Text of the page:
CELLULAR ATTACK: An advertisement board in Puncak, Bogor, West Java, shows the latest promotion from PT Exelcomindo and its product XL bebas. (JP/P.J. Leo) CELLULAR ATTACK: An advertisement board in Puncak, Bogor, West Java, shows the latest promotion from PT Exelcomindo and its product XL bebas. (JP/P.J. Leo)
Fierce competition in the mobile telecommunications market has once again raised concerns over fairness, as operators continue to exercise advertising strategies many perceive as potentially misleading.
Anxious to avoid repeated incidents, the Indonesian Consumers Foundation (YLKI) has demanded the government step in and evaluate circulating advertisements for mobile phone services.
Speaking on behalf of YLKI, Tulus Abadi said the ads lured customers using "old gimmicks" offering "low, lower or lowest" tariffs but failed to present necessary terms and conditions that came with offers.
The heated advertising battle began around the end of last year, when PT Exelcomindo announced its product XL-bebas offering Rp 1 per second rates.
The second biggest player in the market, PT Indosat, retaliated by promoting its Mentari offering a so called "zero tariff".
At present, Exelcomindo is advertising a new tariff of "Rp 0.00000...1 per second" for XL-bebas, while Indosat are offering "Rp 0.00000000001 per second" that applies to "all operators, anytime and anywhere".
"The government needs to make sure these claims are true. If an ad claims to provide "the cheapest tariff", for example, the government must check to see if this is true," Tulus said.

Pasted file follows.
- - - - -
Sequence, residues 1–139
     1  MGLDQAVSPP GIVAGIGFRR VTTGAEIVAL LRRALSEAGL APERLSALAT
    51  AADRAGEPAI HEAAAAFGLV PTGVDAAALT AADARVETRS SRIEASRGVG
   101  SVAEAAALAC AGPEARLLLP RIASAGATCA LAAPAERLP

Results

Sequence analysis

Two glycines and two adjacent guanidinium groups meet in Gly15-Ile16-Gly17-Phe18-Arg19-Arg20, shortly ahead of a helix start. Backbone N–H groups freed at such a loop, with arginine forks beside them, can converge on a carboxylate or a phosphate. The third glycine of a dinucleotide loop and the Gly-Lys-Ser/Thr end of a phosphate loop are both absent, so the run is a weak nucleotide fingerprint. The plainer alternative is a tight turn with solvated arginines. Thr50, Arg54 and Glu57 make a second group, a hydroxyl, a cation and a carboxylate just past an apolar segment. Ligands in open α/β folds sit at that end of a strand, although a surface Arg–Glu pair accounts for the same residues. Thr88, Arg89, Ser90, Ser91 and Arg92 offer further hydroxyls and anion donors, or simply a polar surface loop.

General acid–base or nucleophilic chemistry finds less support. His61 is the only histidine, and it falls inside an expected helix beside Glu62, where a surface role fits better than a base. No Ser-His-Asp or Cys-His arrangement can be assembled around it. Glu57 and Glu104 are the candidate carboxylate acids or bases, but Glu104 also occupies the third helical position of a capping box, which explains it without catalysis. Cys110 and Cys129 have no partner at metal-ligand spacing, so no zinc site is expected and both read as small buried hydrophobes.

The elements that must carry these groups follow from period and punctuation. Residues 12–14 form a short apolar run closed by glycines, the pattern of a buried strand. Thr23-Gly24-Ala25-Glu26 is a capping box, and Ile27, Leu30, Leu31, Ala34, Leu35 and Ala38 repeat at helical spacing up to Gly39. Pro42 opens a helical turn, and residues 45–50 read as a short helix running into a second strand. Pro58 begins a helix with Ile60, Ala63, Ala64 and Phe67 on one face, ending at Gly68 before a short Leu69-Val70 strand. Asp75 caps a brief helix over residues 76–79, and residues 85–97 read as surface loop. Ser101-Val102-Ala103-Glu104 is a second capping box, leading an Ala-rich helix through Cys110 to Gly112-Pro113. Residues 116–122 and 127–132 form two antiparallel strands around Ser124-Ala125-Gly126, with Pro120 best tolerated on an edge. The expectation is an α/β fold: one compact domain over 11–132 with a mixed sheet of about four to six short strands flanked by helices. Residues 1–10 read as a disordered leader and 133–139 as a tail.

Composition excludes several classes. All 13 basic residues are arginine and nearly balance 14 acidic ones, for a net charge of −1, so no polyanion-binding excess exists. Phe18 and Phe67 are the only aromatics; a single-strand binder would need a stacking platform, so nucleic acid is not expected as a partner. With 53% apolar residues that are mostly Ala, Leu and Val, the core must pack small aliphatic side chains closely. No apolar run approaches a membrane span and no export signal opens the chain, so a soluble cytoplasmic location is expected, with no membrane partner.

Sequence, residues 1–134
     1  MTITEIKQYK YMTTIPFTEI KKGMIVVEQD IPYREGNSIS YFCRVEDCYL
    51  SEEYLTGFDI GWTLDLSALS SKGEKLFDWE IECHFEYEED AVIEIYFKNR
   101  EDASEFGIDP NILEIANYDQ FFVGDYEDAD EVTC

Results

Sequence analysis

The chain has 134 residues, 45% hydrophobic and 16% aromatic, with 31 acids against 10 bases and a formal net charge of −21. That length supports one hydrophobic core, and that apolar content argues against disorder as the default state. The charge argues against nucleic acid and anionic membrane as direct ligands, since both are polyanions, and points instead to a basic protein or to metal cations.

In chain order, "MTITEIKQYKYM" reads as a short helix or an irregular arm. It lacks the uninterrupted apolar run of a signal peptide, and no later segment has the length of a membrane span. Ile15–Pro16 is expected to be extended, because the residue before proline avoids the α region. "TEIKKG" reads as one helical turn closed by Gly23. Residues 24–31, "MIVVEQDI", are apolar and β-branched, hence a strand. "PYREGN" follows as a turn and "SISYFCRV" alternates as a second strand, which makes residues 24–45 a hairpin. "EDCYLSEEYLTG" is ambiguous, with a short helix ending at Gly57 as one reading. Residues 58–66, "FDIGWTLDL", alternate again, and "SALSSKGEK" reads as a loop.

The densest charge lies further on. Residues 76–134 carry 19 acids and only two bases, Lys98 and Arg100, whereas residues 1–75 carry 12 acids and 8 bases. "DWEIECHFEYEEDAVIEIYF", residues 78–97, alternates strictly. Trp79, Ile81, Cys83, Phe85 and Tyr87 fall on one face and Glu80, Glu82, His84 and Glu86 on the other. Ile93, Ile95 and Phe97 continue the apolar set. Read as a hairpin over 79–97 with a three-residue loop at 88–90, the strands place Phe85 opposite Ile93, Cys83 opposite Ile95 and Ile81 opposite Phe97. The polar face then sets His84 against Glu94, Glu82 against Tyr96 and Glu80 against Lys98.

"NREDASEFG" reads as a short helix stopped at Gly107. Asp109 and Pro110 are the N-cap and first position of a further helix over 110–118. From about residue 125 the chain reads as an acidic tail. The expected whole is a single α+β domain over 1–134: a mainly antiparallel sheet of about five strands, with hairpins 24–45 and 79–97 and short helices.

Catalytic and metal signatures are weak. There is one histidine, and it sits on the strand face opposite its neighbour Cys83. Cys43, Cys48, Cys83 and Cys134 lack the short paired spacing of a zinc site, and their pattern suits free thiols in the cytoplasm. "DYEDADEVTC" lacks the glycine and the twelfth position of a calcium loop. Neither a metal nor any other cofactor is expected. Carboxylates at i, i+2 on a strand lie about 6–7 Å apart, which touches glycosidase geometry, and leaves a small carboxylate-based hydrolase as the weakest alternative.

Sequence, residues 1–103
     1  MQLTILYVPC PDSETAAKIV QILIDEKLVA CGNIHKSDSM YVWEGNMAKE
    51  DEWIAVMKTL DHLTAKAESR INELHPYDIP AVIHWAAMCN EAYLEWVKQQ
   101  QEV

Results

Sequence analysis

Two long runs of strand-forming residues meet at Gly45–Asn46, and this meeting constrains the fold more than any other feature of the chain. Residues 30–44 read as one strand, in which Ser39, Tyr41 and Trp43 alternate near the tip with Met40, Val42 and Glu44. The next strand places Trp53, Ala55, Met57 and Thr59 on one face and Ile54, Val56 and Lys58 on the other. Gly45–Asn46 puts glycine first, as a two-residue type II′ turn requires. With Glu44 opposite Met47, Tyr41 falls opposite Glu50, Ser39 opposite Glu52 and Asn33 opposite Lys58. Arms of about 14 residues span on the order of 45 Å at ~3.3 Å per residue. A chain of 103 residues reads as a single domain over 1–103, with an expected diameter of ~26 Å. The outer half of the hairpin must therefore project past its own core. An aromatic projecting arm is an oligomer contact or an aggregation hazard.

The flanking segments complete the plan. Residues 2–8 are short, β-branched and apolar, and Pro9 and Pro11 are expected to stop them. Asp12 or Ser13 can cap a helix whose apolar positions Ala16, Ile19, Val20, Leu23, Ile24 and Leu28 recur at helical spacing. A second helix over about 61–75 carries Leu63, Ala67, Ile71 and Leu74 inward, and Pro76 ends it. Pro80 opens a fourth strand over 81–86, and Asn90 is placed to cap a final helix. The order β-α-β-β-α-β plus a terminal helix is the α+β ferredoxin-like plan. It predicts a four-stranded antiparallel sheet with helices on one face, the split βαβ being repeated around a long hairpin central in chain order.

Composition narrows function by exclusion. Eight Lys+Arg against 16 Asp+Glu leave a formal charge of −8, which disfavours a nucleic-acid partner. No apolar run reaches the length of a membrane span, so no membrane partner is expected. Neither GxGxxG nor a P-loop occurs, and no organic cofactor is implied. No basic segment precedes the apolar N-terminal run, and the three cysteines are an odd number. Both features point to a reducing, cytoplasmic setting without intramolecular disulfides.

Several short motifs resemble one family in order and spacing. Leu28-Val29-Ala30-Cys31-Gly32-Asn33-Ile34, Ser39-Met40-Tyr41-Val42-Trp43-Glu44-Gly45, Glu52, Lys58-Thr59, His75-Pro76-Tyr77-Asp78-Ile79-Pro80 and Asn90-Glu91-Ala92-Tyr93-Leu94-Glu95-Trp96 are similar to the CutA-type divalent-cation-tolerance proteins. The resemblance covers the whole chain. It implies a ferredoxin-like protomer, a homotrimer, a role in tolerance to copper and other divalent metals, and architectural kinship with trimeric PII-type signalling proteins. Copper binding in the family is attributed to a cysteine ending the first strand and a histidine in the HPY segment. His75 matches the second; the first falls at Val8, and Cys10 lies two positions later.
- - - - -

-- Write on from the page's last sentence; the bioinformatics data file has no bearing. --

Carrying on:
The current advertising campaigns fail to provide consumers with details and were therefore dangerous, he said.
"They woo us with claims that are unjustifiable and misleading, using terms like 'the cheapest' and 'zero tariff'," he said.
Consequently consumers are choosing services with almost no understanding of what is being advertised, he said.
Acknowledging YLKI's concerns, Heru Sutadi of the Indonesian Telecommunications Regulatory Body (BRTI), said advertisements should not only seduce, but also educate.
"Terms and conditions applied to the product must all be presented in one advertisement. Consumers shouldn't have to access other media to learn about these terms and conditions," he said.
He called for more involvement from advertising associations to provide suggestions and criticism to avoid misleading and false advertising.
Nurman Priyatna, a senior copywriter at a multinational advertising company, said the characteristic of 'above the line' media advertising was generalization.
"Some information needs to be sacrificed, otherwise, a single (television) advertisement could go for more than an hour," Nurman said.
XL corporate communications general manager Myra Junor said cellular operator's advertising was in line with regulations.
It was impossible to provide complete information in one advertisement, she said, but consumers could find details on flyers, websites and through call centers.(lva)